Stories about the Future: Join the Podcast collection!

Stories We’ve Been Told & Our Visions of the Future

The 1982 book “The Whole Kids’ Future Catalog” promised kids of the 1980s that floating schools would surely be the wave of tomorrow.

This September-October 2020, the Equity Unbound community welcomes you to add your voice and reflection to a podcast episode exploring the stories we grew up hearing about technology and education, and how those stories shape our imagination of the future potential for education. 

We draw inspiration from Audrey Watters who joined Anna Smith‘s class mid-September 2020 and shared her memories of flipping through the The Kids’ Whole Future Catalog, a book she had as a child that she can see shaped her imagination of the future of education. You can read her reflections complete with images from the book here

She considered: “who else might have had this guide on their bookshelf” as she thought about the implications of the stories we are told in our youth about what the future entails, and its relation to how we imagine what is possible.

Share your story! 

We invite you to think back to the stories you were told about the future, about technologies and what learning and schools would be like. What are the stories we are telling ourselves now? Record an audio message that shares this story. We will be drawing from as many of our messages as possible for a podcast episode created by Anna Smith’s class. 

Steps to Join

  • Go to https://anchor.fm/educationnow and click Message. 
  • You will be asked to create a login and then you can record your recollection.
  • Please use this script at the beginning of the message so that we know to whom we are listening:
    • Hi, my name is [say a name you wish to share] and I am calling in from [say a location you wish to share]. [Share the story you wish and tell us how you think that story impacts how you think of the future.]

Example: 

“Hi, my name is Anna and I am calling in from the United States of America. A clear memory I have from sixth grade was a week when we were encouraged to not watch TV. The school even had shirts printed up with a TV and a red circle cross-out symbol over it. We took a pledge to not turn on TV and I remember being part of a team of students who delivered pamphlets around the school to remind students of their promise. Why were we not turning on TV for a week? From what I remember hearing over and over, it was that TV would “rot our brains.” It’s gross, but I remember having an image in my mind of a brain-melting. I could be wrong, but I am pretty sure my brain did not rot or melt from my TV watching as a child, or even now from my TV streaming binges.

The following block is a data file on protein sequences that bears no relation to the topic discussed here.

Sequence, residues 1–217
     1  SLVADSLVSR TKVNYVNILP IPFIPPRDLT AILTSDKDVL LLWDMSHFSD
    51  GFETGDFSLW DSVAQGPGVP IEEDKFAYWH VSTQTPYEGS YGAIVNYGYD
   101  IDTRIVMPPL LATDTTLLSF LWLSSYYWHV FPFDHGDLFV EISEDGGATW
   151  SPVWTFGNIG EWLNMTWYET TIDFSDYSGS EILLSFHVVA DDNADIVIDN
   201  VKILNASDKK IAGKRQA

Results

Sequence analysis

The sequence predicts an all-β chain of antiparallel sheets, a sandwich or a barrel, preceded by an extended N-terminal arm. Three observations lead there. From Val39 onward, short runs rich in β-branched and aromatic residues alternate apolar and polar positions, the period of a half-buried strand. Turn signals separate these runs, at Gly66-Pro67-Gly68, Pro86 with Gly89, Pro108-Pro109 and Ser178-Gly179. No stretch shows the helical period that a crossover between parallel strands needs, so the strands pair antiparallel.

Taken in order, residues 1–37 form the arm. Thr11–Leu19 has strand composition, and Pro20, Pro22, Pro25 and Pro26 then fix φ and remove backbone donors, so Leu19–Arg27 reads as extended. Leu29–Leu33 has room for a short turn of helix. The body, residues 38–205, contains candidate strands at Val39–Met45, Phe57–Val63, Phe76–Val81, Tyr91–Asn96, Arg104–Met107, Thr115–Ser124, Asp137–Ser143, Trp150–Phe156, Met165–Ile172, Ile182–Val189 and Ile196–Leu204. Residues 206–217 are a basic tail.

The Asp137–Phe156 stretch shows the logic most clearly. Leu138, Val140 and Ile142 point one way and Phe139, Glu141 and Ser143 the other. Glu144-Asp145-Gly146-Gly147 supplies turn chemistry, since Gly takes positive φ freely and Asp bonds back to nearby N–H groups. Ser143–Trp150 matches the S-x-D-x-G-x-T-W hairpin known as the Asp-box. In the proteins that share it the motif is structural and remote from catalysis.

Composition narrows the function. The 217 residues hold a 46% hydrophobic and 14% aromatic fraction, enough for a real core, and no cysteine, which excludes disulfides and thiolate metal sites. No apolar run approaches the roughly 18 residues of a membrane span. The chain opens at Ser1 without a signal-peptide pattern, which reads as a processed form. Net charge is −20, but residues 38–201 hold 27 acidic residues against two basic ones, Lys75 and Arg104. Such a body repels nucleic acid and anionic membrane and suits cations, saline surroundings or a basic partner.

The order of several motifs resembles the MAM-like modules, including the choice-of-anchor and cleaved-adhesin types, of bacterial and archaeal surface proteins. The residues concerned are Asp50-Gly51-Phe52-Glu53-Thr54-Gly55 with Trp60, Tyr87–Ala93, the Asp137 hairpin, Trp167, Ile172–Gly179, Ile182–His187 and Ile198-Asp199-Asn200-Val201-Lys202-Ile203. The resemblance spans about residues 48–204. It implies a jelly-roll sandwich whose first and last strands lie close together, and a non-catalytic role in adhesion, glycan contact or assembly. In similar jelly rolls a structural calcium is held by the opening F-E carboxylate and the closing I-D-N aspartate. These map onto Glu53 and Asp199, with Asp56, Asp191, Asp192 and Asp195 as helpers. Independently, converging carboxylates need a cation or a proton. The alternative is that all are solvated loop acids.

This story, though no longer about TV and instead about media and screens, is alive and well now. Pre-pandemic there were headlines all the time warning of changes to our brains from reading online or using social media, and I think that has compounded the many fears people have about digital devices in schools. I emphasize pre-pandemic because during work-at-home and emergency remote learning during COVID-19 when so many of us are logging many more hours staring at screens than we used to, it seems the dangers to our brains are somehow not as important as getting our work and school hours in. So, post-pandemic, I am not sure how this story will shift. Will we begin to tell stories about the lost year when our brains atrophied? Will the story expand to include more of our bodies? Or will screens become more prevalent than they are already in our schools and lives so that there is not an option of turning them off? What story will be told then?”

-Anna Smith, PhD, educational researcher & teacher educator blogging about composition in the digital age, contexts for learning, theories of development, and global youth

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